Mapping the world with tweets

February 16, 2015
By

(This article was first published on Rcrastinate, and kindly contributed to R-bloggers)

A few days ago, I collected 30 minutes of tweets all around the world. I used the twitteR and streamR packages for this. The nice thing about those tweets is that they have geo-information associated with them. Not all of them, of course, but more than enough.

Let’s see, what happens if we plot all the tweets at their respective position.
(this is a large PNG file, please click to enlarge)
Isn’t this awesome?! It’s a map of the world – without using any map packages or stuff like that. Only half an hour of tweets. Of course, some parts of the world are seriously underrepresented like Africa and Australia.
Where can we go from here? We have lots of information available. For example, we can use the time stamp to see the world map “emerge” over time. So, here’s a GIF also showing the running second from when I began to collect the tweets. Please note that I made larger steps at the end.
(5M gif, please click to enlarge)
There is another information associated with each tweet. It’s the language of the tweet according to Twitter’s classification algorithm. Let’s see how it looks if we assign a color to each of the TOP10 languages within these 30 minutes.
(click to enlarge)
And a high resolution version of the same plot (for zooming and stuff).
(high res version, click to enlarge)
Of course, we can have a look at different parts of the world.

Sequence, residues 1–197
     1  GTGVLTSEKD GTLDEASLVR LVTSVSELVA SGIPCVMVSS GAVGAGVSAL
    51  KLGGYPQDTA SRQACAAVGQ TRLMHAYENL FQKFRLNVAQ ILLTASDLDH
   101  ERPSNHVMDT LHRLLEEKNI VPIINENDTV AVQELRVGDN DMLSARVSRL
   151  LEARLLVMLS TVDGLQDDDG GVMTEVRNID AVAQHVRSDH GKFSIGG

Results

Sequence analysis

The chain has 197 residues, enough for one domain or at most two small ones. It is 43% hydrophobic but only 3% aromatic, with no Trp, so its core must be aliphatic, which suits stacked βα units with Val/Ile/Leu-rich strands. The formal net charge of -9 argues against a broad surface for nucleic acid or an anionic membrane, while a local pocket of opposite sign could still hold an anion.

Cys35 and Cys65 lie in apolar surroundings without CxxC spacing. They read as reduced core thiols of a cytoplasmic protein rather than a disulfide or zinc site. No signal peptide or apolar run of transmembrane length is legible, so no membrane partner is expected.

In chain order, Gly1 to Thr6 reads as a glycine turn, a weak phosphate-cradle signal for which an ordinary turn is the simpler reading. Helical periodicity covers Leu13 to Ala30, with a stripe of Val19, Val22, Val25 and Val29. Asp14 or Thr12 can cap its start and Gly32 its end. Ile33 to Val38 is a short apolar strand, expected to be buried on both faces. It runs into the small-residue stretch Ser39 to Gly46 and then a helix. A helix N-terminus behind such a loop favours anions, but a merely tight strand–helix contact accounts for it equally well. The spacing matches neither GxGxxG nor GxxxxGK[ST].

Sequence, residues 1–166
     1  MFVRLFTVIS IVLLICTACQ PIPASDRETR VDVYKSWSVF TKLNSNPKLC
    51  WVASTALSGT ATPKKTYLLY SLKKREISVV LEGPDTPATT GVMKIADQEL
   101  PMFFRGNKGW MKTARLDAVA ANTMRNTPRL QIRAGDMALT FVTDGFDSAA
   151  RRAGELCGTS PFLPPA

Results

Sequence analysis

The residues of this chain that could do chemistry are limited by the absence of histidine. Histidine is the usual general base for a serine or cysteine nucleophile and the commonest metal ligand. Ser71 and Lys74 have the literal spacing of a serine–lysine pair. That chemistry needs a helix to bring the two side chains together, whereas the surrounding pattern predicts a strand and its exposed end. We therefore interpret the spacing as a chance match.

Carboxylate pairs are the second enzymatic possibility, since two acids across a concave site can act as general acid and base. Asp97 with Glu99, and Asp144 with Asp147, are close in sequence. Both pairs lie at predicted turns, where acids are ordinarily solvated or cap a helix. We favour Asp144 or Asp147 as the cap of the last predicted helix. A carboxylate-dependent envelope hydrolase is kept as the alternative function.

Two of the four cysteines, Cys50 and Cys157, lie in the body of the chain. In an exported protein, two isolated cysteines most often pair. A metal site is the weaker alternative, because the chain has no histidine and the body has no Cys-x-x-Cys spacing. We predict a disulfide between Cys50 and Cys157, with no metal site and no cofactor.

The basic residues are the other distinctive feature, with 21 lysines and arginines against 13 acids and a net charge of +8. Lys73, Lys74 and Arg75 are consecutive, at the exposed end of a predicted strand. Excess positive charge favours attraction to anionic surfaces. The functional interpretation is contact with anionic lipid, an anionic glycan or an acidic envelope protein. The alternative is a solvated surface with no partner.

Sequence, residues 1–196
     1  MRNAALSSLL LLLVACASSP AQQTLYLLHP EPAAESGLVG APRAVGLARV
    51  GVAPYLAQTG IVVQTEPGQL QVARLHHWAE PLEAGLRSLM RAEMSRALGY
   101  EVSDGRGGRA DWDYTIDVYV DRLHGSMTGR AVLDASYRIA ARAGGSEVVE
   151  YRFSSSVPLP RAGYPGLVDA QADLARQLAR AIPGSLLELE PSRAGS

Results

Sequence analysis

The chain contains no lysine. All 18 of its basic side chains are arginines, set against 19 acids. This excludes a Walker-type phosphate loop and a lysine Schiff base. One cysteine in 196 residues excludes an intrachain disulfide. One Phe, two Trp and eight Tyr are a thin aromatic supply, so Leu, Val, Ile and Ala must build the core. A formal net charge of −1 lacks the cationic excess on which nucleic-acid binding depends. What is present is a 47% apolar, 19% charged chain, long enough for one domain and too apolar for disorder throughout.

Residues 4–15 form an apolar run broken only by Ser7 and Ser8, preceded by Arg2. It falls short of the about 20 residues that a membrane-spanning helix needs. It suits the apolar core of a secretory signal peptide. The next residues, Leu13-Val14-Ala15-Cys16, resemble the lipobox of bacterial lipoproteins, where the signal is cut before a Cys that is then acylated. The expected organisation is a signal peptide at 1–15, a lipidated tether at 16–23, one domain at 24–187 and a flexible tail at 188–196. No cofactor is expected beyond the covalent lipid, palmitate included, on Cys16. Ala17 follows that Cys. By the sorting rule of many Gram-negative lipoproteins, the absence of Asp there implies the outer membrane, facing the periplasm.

Europe (click to enlarge).

The UK
(please refer to the legends in the other plots to know which color is which langauge).
North America.

South America.
[EDIT: Shiny App not online anymore]
Finally, the nice folks over at shinyapps.io let you host your own Shiny application. Here, you can choose one or more of the TOP10 languages and the Shiny App creates your own map.
Here is the R code for this post. If you are interested in the code of the Shiny App, please let me know.
# Loading packages
library(streamR)
require(twitteR)

# Twitter authentification, I saved my credentials in twitter_auth.Rdata.
options(RCurlOptions = list(cainfo = system.file(“CurlSSL”, “cacert.pem”, package = “RCurl”)))
load(“twitter_auth.Rdata”)
registerTwitterOAuth(cred)

# Getting tweets by accessing Twitter’s stream
# Parameter ‘locations’ is set to the whole world
# Parameter ‘language’ is set to all languages
# Tweets are written to the file ‘tweets.txt’
# My file with collected tweets is approx. 250M
filterStream(“tweets.txt”, locations = c(-180, -90, 180, 90),
             timeout = 1800, oauth = cred, verbose = F, language = “”)

# Parse tweets and select only relevant columns
parsed.tw <- parseTweets(“tweets.txt”)
tw <- parsed.tw[,c(“text”, “lang”, “lat”, “lon”, “created_at”)]

# Extract hour, minute and second the tweet was created
tw$hour <- substr(tw$created_at, 12, 13)
tw$minute <- substr(tw$created_at, 15, 16)
tw$second <- substr(tw$created_at, 18, 19)
# Running second (starting, in my case, from 17:14)
tw$second.counting <- ((as.numeric(tw$minute) – 14) * 60) + as.numeric(tw$second)

# Writing single image files for GIF
par(mar = c(0,0,0,0))
# Creating vector with seconds to output,
# starting with steps of size 1, then 5, then 10
secs <- c(min(tw$second.counting):400,
          seq(401, 1000, 5),
          seq(1001, max(tw$second.counting), 10))
# Outputting single images
for (sec.i in secs) {
  if (sec.i %% 400 == 0) cat(sec.i, “\n”)
  second.tweets <- tw[tw$second.counting <= sec.i,]
  png(paste0(“tw.sec”, sprintf(“%04d”, sec.i), “.png”), width = 600, height = 400)
  plot(second.tweets$lon, second.tweets$lat,
       pch = 19, bty = “n”, xlab = “”, ylab = “”, xaxt = “n”, yaxt = “n”,
       cex = .2, ylim = range(tw$lat, na.rm = T), xlim = range(tw$lon, na.rm = T))